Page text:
Re: Subject: Re: Making 'Clean Energy' Pay
From: Deborah Mensch (deborah-04bitgems.com)
Date: Sat, 14 Oct 2006 20:11:48 -0700 (PDT)
The "gift to the grid" concept is definitely not true everywhere, even in
the United States. Back a couple of years ago when we checked in the east
San Francisco Bay Area for our private home (can't remember if this was
Alameda Power and Telecom or Pacific Gas & Electric), the deal was that if
your meter ran forward (getting power from the utility), you paid the going
rate of something like 14 cents per kwh, and if it ran backward (giving
power to the utility) they paid you about half that, or 7 cents/kwh. Their
reasoning was that half the charge for power was for the generation and half
for the distribution network -- and even if we give them back energy, we're
not helping defray the costs of distribution, so we don't get paid for it.

Subsidies for new systems in the area were based on your average power
consumption for the previous year. They would subsidize for each watt of
capacity you installed, but only up to 110% (I think) of your average usage.
The utility didn't want to put people in the business of generating lots of
power for sale; they were just acting to increase solar capacity, probably
because it reduced peak demand. (Remember rolling blackouts? The Bay Area
gets great sun during the summer, when demand is highest.) Reduced
greenhouse gas emissions are also nice, of course.

So check on your own utility's deal, and find out whether it's changed since
the last time you looked. Good installation subsidies can make solar better
than break-even for electicity costs over the life of the system, even if
you don't sell power back to the utility. And you gotta love zero-carbon
energy production, or I do anyway. (Yeah, producing the panels takes energy
and other resources. Wonder if they use solar for the power?)

-Deborah Mensch
Now living in Pleasant Hill Cohousing, Pleasant Hill, CA (Bay Area), where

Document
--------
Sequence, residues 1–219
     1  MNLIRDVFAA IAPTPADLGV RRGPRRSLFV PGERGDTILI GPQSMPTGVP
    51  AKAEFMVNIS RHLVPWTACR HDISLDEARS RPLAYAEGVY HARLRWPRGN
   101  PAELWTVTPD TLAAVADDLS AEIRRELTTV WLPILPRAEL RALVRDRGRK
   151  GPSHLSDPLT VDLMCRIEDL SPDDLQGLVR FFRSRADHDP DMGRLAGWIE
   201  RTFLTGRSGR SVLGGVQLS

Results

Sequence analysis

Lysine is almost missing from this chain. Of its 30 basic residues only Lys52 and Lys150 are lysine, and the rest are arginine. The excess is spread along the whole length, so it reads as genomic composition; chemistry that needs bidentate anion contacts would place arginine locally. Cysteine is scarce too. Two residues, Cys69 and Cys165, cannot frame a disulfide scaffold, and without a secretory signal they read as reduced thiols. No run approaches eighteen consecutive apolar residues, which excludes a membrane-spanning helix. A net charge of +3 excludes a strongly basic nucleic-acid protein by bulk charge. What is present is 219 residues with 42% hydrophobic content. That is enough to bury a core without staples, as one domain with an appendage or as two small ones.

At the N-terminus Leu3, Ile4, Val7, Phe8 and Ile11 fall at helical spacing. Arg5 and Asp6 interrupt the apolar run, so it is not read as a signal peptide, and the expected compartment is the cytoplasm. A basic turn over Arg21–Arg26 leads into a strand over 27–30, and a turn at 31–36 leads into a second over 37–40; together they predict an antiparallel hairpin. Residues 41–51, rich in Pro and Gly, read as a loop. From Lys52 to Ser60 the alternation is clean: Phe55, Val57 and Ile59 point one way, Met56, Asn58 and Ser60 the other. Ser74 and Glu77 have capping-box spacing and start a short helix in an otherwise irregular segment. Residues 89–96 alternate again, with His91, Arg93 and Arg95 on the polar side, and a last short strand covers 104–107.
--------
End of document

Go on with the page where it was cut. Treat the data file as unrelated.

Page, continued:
we have a PV system that supplies some of the electricity for our common
house, and a solar heater for the pool.

On 10/14/06, Robert Moskowitz <robert [at] robertmoskowitz.com> wrote:

I'm not an expert in this, but friends of mine have solar on their
(non-cohousing) house in southern California, and the best they can do
is get free electricity for the year. The utility will not fork over any
cash. If my friends produce more electricity than they use, it's
considered a gift to the grid. So when they installed the solar, they
had to calculate their average electricity use and put in just enough
solar panels to make that much, and no more. If this is true everywhere,
then you can stop counting on power generation to be a cash cow. The
best you can hope for is to zero out your electric bills.

My friends say that calculating the Return on Investment and the Pay
Back period depend on lots of assumptions and variables, but the simple
scenario (how much did we pay? how much does that investment save us?)
comes out to payback in around 18 years. On a strictly financial basis,
you can do a lot better. But of course if you value saving the Earth,
then this kind of investment makes sense on more than a strictly
financial basis.

Robert Moskowitz
Santa Monica, CA



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